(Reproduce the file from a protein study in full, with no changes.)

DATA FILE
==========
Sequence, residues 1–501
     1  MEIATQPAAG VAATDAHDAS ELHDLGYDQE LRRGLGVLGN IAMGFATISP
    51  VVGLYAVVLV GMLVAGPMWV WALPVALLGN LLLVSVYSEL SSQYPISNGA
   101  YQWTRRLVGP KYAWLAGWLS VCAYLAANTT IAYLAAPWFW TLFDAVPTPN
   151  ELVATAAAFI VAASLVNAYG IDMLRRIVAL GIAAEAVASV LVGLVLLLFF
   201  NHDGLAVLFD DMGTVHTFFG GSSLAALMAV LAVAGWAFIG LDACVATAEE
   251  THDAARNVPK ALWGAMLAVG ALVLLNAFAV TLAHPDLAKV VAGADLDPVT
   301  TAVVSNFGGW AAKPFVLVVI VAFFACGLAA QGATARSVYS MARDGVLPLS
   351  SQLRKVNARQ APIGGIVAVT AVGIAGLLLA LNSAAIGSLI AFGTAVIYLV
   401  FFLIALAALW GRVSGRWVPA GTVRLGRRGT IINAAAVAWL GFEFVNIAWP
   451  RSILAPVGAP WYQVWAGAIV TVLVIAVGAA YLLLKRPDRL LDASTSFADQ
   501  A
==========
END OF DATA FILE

Sequence, residues 1–501
     1  MEIATQPAAG VAATDAHDAS ELHDLGYDQE LRRGLGVLGN IAMGFATISP
    51  VVGLYAVVLV GMLVAGPMWV WALPVALLGN LLLVSVYSEL SSQYPISNGA
   101  YQWTRRLVGP KYAWLAGWLS VCAYLAANTT IAYLAAPWFW TLFDAVPTPN
   151  ELVATAAAFI VAASLVNAYG IDMLRRIVAL GIAAEAVASV LVGLVLLLFF
   201  NHDGLAVLFD DMGTVHTFFG GSSLAALMAV LAVAGWAFIG LDACVATAEE
   251  THDAARNVPK ALWGAMLAVG ALVLLNAFAV TLAHPDLAKV VAGADLDPVT
   301  TAVVSNFGGW AAKPFVLVVI VAFFACGLAA QGATARSVYS MARDGVLPLS
   351  SQLRKVNARQ APIGGIVAVT AVGIAGLLLA LNSAAIGSLI AFGTAVIYLV
   401  FFLIALAALW GRVSGRWVPA GTVRLGRRGT IINAAAVAWL GFEFVNIAWP
   451  RSILAPVGAP WYQVWAGAIV TVLVIAVGAA YLLLKRPDRL LDASTSFADQ
   501  A